It may seem odd that IBM would update two x86 servers when Intel is prepping its "Sandy Bridge-EP" Xeon E5 processors for launch in early 2012, but the cut-throat competition in the server racket waits for no chip launch. And thus, IBM is revving up two "value priced" Xeon-based servers to compete against Hewlett-Packard, Dell, and others without having to cut prices on existing System x machines with pricier components.
The two updated machines are the System x3620 M3 and x3630 M3. The M3 designation means that they use Intel's current "Westmere-EP" Xeon 5600 processors, which come in variants with two, four, or six cores. Because the future Xeon E5 processors have a different processor socket from those used by the "Nehalem-EP" Xeon 5500s and the Xeon 5600s, these two machines will not be upgradeable to the Xeon E5s.
The System x3620 M3 is a 2U rack-mounted workhorse, not precisely a Belgian draft horse like other System x machines but one capable of pulling a wagon and a plough. The x3620 M3 has a dozen DDR3 main memory slots and supports 1GB, 2GB, 4GB, 8GB, and 16GB memory sticks, so it tops out at 192GB of main memory.
The machine supports up to four 3.5-inch simple swap SATA disks or eight 3.5-inch hot swap SAS or SATA drives. The drives top out at 3TB, for a maximum of 24TB. (This may be just enough for a modern Hadoop configuration if you stick to four-core processors.) Of course, IBM is charging $1,049 for that 3TB drive compared to $575 for the 2TB drive and #329 for the 1TB drive, so companies will be sorely tempted to go with the skinnier units.
Windows Server 2008 R2 Standard Edition is preloaded on the box, and those simple swap SATA drives can be striped or mirrored using the RAID 0 and RAID 1 features of the Windows operating system, thereby obviating the need for an on-board RAID controller.
The System x3620 M3 has PCI-Express 2.0 peripheral slots (the future Xeon E5s will sport faster and fatter PCI-Express 3.0 slots), and specifically it has two full height, half-length x8 slots and one low profile x4 slot. It also has a dual-port Intel 82575 Gigabit Ethernet controller on the system board. The machine comes with a regular 460 watt power supply or a more efficient (92 per cent) 675 watt supply if you need more juice.
IBM's System x3620 M3 server
The server has an internal USB slot where you can plug in a 2GB key preloaded with VMware's ESXi 4.0 server virtualization hypervisor. It is not clear why IBM has not certified ESXi 5.0, which was announced last summer, on the USB stick. ESXi 4.1 is certified to run on the machine, as are the various versions of Windows Server 2003 R2 (including the Small Business Server bundle), Windows Server 2008, and Windows Server 2008 R2.
Red Hat's Enterprise Linux 5 and 6 and Attachmate's SUSE Linux Enterprise Server 10 and 11 are also certified to run on the box. The internal KVM and Xen hypervisors that are part of those Linuxes are supported, but the freestanding KVM hypervisor from Red Hat and the standalone Xen hypervisors from Citrix Systems or Oracle are not certified on the box – but will very likely run just fine.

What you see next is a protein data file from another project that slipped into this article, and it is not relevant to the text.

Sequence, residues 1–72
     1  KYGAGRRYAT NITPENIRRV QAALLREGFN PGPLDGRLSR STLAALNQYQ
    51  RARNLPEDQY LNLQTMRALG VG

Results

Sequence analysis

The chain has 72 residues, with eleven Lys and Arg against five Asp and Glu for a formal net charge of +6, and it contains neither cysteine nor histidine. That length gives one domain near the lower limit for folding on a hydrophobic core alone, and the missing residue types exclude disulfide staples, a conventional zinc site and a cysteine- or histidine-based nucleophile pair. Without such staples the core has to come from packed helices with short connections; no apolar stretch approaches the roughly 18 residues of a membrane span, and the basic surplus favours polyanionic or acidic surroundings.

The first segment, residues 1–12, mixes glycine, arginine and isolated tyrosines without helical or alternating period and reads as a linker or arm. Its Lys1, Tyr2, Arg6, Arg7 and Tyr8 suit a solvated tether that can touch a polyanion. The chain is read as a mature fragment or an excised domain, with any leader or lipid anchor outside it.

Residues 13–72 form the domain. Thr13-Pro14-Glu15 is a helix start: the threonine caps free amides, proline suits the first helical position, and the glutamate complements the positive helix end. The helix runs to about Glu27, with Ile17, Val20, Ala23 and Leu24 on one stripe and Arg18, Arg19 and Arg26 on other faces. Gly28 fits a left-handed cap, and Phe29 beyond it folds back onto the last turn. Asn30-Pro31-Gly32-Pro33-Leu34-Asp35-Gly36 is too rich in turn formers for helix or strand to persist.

The System x3620 M3 will be available on January 20, and a base configuration will come with a single four-core Xeon E5620 processor running at 2.4GHz, 8GB of memory (one stick), a single 500GB disk drive, and Windows Server 2008 R2 Standard Edition preloaded. That machine will cost $1,983, according to IBM's online configurator.
You can save a couple of hundred bucks by dropping the CPU speed down to 1.6GHz with the four-core Xeon E5603. Loading this puppy up with two six-core Xeon X5560 processors, 192GB of memory, a dozen 3TB drives, and two 675 watt power supplies pushes the price up to $10,730. So you still have to fight for discounts even on a "value priced" box.
The System x3630 M3 is a similar two-socket Xeon 5600 machine, but it comes with a few more goodies, such as different peripheral slots and room for more disk drives in the same 2U of rack space.
IBM's System x3630 M3 server
The x3630 M3 has the same Xeon processor options and memory capacities, but offers two PCI-Express 2.0 (one x8 and one x16) plus an x4 slot that is buried in the system but, oddly enough, does not support peripheral cards - IBM does not explain why.
The system comes with two of the 675 watt power supplies and two Gigabit Ethernet ports, and it can have a dozen 3.5-inch SAS or SATA drives mounted in the front and two that plug in from the back. If you like 2.5-inch SAS or SATA drives, you can double that up to 24 drives in the front and four in the back.
The system board has RAID 0 striping and RAID 1 and 10 mirroring on the SAS or SATA drives, and you can snap in a daughter card to add RAID 5 or RAID 6 data protection (including self-encrypting disk, or SED, features, if you want to pay a little extra.)
The System x3630 M3 supports the same operating systems and hypervisors as the System x3620 M3.
With two quad-core Xeon E5607 processors running at 2.26GHz, 32GB of main memory, no disks, and a Windows Server 2008 R2 Standard Edition license will run you $3,489 in a base configuration. Loading this horse up with two six-core Xeon X5675 processors, which spin at 3.06GHz, crank the memory up to 192GB, add 24 2.5-inch disks at 1TB capacity, and burn Windows on it and you're talking $26,277. If you want a really good laugh, put 24 200GB SATA MLC flash drives on it to get the price up to $93,477.
None of these prices on the System x3620 M3 or x3630 M3 include support or IBM's Systems Director management tools, by the way, so best make sure you don't empty the petty cash. ®